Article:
Saturday, 16 January 2016

Seascape Scarf

I said in my last post that I finished knitting a scarf at Sheringham. Here it is.

The pattern is the Spiral Staircase shawl by LizAnn Petch - a free pattern on Ravelry. On the smooth edge, you increase one stitch on every row, which creates a pretty edge, and the curve that you see in the finished scarf.

On the other edge, you cast off ten or so stitches at regular intervals, which controls the width of the scarf/shawl.  I wanted it to be a scarf, not a shawl, so I cast off a few more stitches in each step as I went along, so that the width doesn't increase as much as it does in the pattern.

The yarn is Louisa Harding's Amitola  (again - I finished Xandy Peters' Petal Cowl in the same yarn in December).  It's colourway 106, which is called Seascape. The North Sea, not the Mediterranean, evidently - the colours are quite muted.  And it didn't occur to me until I got to Sheringham that it was very appropriate to be knitting in a yarn called Seascape at the seaside.   Here's a view of the sea at Sheringham, on Sunday morning when the sun was shining:

The pale browny-grey colour in the scarf, between the two dark grey stripes, seems to me very characteristic of the North Sea.

The self-striping yarn works very well with the pattern - I like the way that the stripes curve across the width of the scarf.  I used one ball of Amitola, and the finished scarf goes right round my neck, with the two ends hanging in front.  It looks very good - you see diagonal stripes of the different colours of the yarn, and the zigzags around the edge.  (Yes, a photo would be a good idea.  But I'm trying to find a suitable pin to fasten the two ends together, rather than tying them, or just leaving them to hang - I might get a photo taken when I've found one.)   It's very soft and warm, too.   And I think I'm getting better at knitting garter stitch - I don't find it easy to keep the stitches even (stocking stitch is much easier) but this is better than previous attempts.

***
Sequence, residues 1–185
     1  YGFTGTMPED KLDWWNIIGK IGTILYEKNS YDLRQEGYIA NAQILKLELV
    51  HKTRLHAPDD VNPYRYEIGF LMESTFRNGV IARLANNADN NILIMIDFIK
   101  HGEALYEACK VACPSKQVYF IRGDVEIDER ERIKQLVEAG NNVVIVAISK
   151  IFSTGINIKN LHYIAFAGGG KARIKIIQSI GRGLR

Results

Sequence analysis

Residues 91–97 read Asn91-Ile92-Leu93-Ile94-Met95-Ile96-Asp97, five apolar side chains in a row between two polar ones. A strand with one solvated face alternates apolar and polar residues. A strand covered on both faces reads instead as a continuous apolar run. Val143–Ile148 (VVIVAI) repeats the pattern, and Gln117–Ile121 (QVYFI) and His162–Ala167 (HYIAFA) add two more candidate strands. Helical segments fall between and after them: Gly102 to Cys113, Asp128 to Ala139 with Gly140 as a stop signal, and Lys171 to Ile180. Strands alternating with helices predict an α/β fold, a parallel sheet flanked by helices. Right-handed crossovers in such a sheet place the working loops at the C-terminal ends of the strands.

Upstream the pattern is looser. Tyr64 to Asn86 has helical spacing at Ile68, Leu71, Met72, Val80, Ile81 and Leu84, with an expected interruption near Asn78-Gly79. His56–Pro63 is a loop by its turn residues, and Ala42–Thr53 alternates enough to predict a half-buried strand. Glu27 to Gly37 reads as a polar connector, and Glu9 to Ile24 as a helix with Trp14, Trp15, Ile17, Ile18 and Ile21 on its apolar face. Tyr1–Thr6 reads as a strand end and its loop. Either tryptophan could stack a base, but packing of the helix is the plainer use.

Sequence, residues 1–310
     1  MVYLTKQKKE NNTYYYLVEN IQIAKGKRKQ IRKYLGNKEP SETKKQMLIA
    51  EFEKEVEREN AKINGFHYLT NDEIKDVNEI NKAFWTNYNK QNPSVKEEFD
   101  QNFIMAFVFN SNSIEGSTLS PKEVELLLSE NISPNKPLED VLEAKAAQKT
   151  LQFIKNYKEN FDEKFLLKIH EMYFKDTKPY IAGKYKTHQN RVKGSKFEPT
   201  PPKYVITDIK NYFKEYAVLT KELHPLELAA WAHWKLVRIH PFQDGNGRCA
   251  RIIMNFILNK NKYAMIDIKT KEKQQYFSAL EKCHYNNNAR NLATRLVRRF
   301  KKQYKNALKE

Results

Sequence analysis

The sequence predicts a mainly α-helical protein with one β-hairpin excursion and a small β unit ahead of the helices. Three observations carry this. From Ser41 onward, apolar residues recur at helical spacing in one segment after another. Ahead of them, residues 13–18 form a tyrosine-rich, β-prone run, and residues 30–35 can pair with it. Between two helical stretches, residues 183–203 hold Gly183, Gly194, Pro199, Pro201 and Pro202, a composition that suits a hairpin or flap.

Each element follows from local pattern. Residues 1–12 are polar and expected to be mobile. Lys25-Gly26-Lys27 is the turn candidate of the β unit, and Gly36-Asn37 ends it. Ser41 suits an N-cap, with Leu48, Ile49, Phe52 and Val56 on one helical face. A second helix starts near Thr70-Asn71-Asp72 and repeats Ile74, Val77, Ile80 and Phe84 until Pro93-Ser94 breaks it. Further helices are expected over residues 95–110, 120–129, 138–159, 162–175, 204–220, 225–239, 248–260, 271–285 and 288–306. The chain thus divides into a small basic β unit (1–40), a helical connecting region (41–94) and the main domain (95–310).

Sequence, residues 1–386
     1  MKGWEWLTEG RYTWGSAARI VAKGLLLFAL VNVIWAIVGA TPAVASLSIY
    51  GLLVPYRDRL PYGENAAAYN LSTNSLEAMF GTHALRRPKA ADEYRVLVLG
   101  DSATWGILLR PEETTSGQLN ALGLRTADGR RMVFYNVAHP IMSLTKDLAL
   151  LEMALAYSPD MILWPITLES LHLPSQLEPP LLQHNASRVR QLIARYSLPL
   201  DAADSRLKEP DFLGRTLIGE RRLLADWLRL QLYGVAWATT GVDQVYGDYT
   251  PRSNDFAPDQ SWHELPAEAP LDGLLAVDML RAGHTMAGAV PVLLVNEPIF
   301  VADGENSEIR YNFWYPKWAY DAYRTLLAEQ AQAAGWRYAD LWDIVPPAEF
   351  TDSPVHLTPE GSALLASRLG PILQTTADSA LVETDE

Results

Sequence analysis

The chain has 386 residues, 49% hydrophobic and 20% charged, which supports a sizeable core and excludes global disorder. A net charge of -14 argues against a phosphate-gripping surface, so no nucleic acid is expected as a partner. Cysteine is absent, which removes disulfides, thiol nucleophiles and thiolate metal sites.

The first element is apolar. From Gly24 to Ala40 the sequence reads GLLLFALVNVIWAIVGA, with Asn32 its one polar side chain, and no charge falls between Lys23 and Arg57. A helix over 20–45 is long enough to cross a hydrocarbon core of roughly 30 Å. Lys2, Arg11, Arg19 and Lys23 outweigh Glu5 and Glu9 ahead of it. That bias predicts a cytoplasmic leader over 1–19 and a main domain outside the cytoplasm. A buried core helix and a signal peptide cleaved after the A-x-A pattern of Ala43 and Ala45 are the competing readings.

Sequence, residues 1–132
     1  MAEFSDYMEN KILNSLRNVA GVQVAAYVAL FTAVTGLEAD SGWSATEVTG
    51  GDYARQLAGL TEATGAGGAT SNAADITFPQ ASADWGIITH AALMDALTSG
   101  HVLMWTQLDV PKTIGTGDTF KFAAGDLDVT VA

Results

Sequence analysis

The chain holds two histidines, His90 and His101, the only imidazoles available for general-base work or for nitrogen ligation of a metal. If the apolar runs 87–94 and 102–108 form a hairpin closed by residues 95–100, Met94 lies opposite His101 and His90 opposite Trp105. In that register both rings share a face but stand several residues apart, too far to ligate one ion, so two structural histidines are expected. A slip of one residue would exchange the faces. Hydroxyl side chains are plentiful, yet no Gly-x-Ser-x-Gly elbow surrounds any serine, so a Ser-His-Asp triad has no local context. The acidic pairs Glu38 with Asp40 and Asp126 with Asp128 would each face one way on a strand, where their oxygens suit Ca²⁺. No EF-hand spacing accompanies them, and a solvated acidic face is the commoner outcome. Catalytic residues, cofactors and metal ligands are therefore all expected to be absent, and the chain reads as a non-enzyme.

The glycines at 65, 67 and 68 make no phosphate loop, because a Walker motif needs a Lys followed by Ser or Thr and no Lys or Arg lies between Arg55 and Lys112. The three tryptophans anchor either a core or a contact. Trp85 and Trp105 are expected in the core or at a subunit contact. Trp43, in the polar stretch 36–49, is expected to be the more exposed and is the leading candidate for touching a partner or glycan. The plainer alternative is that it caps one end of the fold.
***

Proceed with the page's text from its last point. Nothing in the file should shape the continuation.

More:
P.S. One of the blogs I follow is Orange Swan's The Knitting Needle and the Damage Done. Many of her posts review knitting magazines, and her comments on the designs are very perceptive, caustic when they need to be, and often very funny.  Sometimes I find myself laughing out loud, e.g at "Call me hidebound, but my rule is never to make any knitted garment that sleeps more than two" as a comment on a hugely voluminous top.   Worth reading.


  1. Thanks for the clear explanation of how this scarf was made. I have often wondered how the effect was achieved.

    1. Yes, it's clever. Would be interesting, too, to try to make a scarf more like a staircase, i.e. with equal treads. Might try that some time.

  2. That's beautiful and, as you say, very North Sea. I follow the blog you mention and love her sometimes caustic comments! She's not a fan of dropped shoulders!

    1. I agree with her on dropped shoulders - they seem very 1980s to me (and not in a good way).


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